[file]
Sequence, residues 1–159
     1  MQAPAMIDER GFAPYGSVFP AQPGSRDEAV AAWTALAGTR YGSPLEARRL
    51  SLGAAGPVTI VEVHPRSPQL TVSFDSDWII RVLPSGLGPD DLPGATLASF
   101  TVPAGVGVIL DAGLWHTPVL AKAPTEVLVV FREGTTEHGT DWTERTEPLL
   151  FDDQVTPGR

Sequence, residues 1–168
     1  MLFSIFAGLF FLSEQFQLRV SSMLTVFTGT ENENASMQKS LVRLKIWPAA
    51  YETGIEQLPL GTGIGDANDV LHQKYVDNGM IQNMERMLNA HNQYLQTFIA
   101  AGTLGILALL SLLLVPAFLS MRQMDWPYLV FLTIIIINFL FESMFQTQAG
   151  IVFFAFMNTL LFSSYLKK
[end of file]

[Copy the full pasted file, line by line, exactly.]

Sequence, residues 1–159
     1  MQAPAMIDER GFAPYGSVFP AQPGSRDEAV AAWTALAGTR YGSPLEARRL
    51  SLGAAGPVTI VEVHPRSPQL TVSFDSDWII RVLPSGLGPD DLPGATLASF
   101  TVPAGVGVIL DAGLWHTPVL AKAPTEVLVV FREGTTEHGT DWTERTEPLL
   151  FDDQVTPGR

Sequence, residues 1–168
     1  MLFSIFAGLF FLSEQFQLRV SSMLTVFTGT ENENASMQKS LVRLKIWPAA
    51  YETGIEQLPL GTGIGDANDV LHQKYVDNGM IQNMERMLNA HNQYLQTFIA
   101  AGTLGILALL SLLLVPAFLS MRQMDWPYLV FLTIIIINFL FESMFQTQAG
   151  IVFFAFMNTL LFSSYLKK